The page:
ACLU says decision is a victory for women's health
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MADISON - The American Civil Liberties Union said today's decision by a Wisconsin court allowing the state's discipline of a pharmacist who refused to refill a prescription for birth control pills strikes an important balance between religious liberty and women's health.
"We are pleased that the court recognized that individual pharmacists with religious objections cannot prevent women from obtaining contraception," said Sondra Goldschein, an attorney with the ACLU Reproductive Freedom Project. "Pharmacies should honor individual pharmacists' religious beliefs wherever possible; however, the patient's right to obtain legally prescribed medication should always come first."
In 2002, pharmacist Neil Noesen refused based on his personal religious beliefs to refill a woman's valid prescription for birth control pills. Noesen also interfered with the woman's efforts to fill the prescription at another pharmacy. As a result, the woman missed the first dose of her medication and was forced to use a back-up method of birth control. The state Pharmacy Examining Board subsequently disciplined Noesen for his failure to adequately inform his employer of his religious objections to participating in the filling of prescriptions for contraception and for his refusal to promptly transfer this prescription to another pharmacy.
"While individual pharmacists may have sincere religious objections to birth control, this does not give them license to prevent women from getting the health care they need," said Laurence Dupuis, Legal Director of the ACLU of Wisconsin. "There are ways to honor religious beliefs and a patient's rights; contrary to professional standards, Noesen made no effort in this case to ensure the patient's health care needs were met."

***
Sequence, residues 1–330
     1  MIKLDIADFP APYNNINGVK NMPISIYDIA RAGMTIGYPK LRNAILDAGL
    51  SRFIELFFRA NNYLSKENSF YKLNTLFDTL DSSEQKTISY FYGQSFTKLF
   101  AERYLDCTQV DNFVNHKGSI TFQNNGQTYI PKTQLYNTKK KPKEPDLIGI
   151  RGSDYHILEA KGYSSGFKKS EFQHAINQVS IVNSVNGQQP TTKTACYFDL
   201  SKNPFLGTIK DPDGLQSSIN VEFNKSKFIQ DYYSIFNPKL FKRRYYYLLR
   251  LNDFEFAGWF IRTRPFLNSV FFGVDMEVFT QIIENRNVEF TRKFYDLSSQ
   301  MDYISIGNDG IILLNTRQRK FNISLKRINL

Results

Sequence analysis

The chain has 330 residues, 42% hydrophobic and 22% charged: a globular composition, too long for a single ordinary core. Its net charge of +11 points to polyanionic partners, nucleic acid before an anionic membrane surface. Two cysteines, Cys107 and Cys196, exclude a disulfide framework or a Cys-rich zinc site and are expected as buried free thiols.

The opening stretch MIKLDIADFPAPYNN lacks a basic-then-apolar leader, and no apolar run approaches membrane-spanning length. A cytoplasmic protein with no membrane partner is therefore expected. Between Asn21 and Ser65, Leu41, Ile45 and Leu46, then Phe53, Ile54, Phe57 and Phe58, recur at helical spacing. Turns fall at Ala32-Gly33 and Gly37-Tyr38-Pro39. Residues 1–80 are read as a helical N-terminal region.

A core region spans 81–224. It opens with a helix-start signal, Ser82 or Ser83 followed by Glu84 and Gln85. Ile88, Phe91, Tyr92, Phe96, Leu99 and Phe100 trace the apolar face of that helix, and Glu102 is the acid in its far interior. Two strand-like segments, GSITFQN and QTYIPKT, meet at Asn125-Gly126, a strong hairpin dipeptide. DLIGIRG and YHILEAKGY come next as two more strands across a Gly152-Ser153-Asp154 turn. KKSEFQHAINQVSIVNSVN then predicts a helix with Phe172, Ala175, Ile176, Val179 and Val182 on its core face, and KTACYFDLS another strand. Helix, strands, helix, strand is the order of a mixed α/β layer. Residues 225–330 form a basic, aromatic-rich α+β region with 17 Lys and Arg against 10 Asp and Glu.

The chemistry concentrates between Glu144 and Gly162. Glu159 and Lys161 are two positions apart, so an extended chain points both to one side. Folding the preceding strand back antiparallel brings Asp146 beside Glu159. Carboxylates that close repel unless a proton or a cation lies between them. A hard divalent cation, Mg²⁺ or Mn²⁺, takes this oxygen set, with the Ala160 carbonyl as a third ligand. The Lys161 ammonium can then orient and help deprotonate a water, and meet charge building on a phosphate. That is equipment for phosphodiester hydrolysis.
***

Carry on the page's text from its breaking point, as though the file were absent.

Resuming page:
Today's Court of Appeals's decision held that Noesen's refusal to transfer the prescription violates a pharmacist's standard of care. Requiring all pharmacists to act in a professionally competent manner protects the public health, enhances patient autonomy, and promotes women's equality, the ACLU said.
Today's case is Noesen v. Wisconsin Department of Regulation and Licensing Pharmacy Examining Board, No. 2006AP1110. Lawyers on the friend-of-the-court brief include Goldschein of the ACLU Reproductive Freedom Project, Dupuis of the ACLU of Wisconsin, and Milwaukee attorney Jacqueline E. Boynton.
For more information about the ACLU's position on religious refusals and reproductive rights at the pharmacy see: